A Farewell to Arms, Kilts and Sporrans: banning Scottish Highland dress in the aftermath of Culloden

Continuing with November’s local history look at the Scottish presence in Parliament, today Dr Robin Eagles, editor of our Lords 1715-1790 section, casts his eye over attempts to regulate traditional Scottish dress in the eighteenth century. In the winter of 1745, the people of the north and midlands of England were gripped with panic. The rebel Jacobite army led by Charles Edward Stuart had left Scotland earlier in the … Continue reading A Farewell to Arms, Kilts and Sporrans: banning Scottish Highland dress in the aftermath of Culloden

Town v. Gown? Attempting to lock down early eighteenth-century Oxford

Today we’re heading back to Oxfordshire and this month’s local history focus. In our latest blog, Dr Robin Eagles, editor of the Lords 1715-1790 project, looks into the political leanings of the inhabitants of 18th century Oxford… At the time of George I’s accession, Oxford had a clear reputation as a hive of Toryism. The city’s perceived loyalty to the Stuarts had been one of … Continue reading Town v. Gown? Attempting to lock down early eighteenth-century Oxford

A Catholic Borough Patron: Anthony Browne, 6th Viscount Montague

In the latest blog for the Georgian Lords, Dr Stuart Handley, examines the case of the Viscounts Montague, who in spite of being unable to sit in the Lords, retained their influence over their Sussex borough of Midhurst. The Browne family were ennobled as viscounts Montague in the mid-sixteenth century, the first Viscount taking his seat in the House of Lords in 1554. The 3rd … Continue reading A Catholic Borough Patron: Anthony Browne, 6th Viscount Montague

‘A few slight alterations would make it picturesque’: Glamorgan and Monmouthshire in the 18th century

In our latest blog we return to Glamorgan and Monmouthshire as part of our local history blog series. Part one, discussing the constituencies in the mid-17th century can be read here. But today Dr Robin Eagles, editor of our Lords 1715-1790 project, takes a look into the 18th century, as leading gentry families tussled for control… In his 1776 tour of Wales, Arthur Young thought … Continue reading ‘A few slight alterations would make it picturesque’: Glamorgan and Monmouthshire in the 18th century

All over in 4 ½ minutes? The battle of Prestonpans, 21 September 1745

In the latest blog for the Georgian Lords, Dr Robin Eagles considers some of the Members of Parliament involved in the battle of Prestonpans along with some of the other personalities caught up in the first major action of the 1745 Rebellion. Early in the morning of 21 September 1745 government forces commanded by General Sir John Cope, encamped about ten miles east of Edinburgh, … Continue reading All over in 4 ½ minutes? The battle of Prestonpans, 21 September 1745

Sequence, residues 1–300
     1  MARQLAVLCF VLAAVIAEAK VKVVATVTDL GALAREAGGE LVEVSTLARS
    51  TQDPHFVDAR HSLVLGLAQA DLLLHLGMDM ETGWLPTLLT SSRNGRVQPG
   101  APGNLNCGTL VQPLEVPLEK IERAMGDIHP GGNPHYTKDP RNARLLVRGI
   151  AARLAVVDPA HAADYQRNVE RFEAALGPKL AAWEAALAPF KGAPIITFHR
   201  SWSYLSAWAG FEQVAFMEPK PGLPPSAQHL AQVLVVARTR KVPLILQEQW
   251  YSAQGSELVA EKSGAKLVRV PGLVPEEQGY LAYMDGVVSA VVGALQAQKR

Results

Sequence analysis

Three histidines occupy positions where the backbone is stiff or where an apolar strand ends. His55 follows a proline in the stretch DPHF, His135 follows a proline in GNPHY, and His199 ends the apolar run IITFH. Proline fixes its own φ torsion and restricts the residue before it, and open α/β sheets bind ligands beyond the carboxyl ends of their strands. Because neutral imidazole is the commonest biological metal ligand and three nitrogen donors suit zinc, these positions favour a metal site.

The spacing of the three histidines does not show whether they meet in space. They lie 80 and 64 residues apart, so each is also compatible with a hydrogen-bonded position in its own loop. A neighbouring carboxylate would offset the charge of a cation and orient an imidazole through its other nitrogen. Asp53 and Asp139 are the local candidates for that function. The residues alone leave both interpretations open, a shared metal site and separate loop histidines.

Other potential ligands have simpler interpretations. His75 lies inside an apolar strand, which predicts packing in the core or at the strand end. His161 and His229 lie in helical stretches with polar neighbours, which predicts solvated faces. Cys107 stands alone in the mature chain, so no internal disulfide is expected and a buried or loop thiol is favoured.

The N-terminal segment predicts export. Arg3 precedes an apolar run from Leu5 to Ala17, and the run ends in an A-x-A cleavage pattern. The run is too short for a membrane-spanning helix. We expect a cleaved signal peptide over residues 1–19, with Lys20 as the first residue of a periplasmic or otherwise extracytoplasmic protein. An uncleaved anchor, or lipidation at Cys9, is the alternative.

A revolting pocket borough: Morpeth in the late eighteenth century

In our latest Georgian Lords blog, in keeping with our general focus for the month on the county of Northumberland, Dr Charles Littleton considers the case of the pocket borough of Morpeth and its uneasy relations with the earls of Carlisle. The Northumbrian borough of Morpeth had returned representatives to Parliament since 1553. From 1601 the Howards of Naworth were lords of the manor, and … Continue reading A revolting pocket borough: Morpeth in the late eighteenth century

York 1660-1760

For this month’s local history focus we are looking at the borough constituency of York. A city not unfamiliar with hosting parliaments, it was even suggested by the Prime Minister last week as a possible location for a temporary chamber during Westminster’s Restoration and Renewal works. In the first of two blogs, today Dr Stuart Handley, senior research fellow in our Lords 1715-1790 project, looks … Continue reading York 1660-1760

The queen and the chemist’s son: Matthew Wood MP and the radical defence of Queen Caroline

A hop merchant and former Lord Mayor, Wood brought Caroline out of exile in June 1820 and housed her at his Mayfair residence at the beginning of the national crisis. As the affair gathered steam Wood became a prime target for loyalist vitriol, a prime example being Theodore Hooke’s malicious pamphlet Solomon Logwood: A Radical Tale. Continue reading The queen and the chemist’s son: Matthew Wood MP and the radical defence of Queen Caroline

The Mystery of the ‘Black Box’ and the ‘true’ heirs of Charles II

In the latest blog for the Georgian Lords, Dr Robin Eagles probes the mysteries of the ‘black box’ that was supposed to contain proof of Charles II’s marriage to his mistress, Lucy Walters, and how the family of the duke of Monmouth eventually made its way back into the House of Lords. In February 1735 Parliament was faced with a petition lodged by the Scots … Continue reading The Mystery of the ‘Black Box’ and the ‘true’ heirs of Charles II

Exploring parliamentary history through art

Today’s blog contains details of the Art UK online exhibitions that our researchers have curated during lockdown… The History of Parliament’s researchers have been trying out the Curations tool recently launched by Art UK, which enables anyone to create a digital exhibition from the artworks on its site. With art galleries and museums currently closed, it is an excellent way to visit their collections online. … Continue reading Exploring parliamentary history through art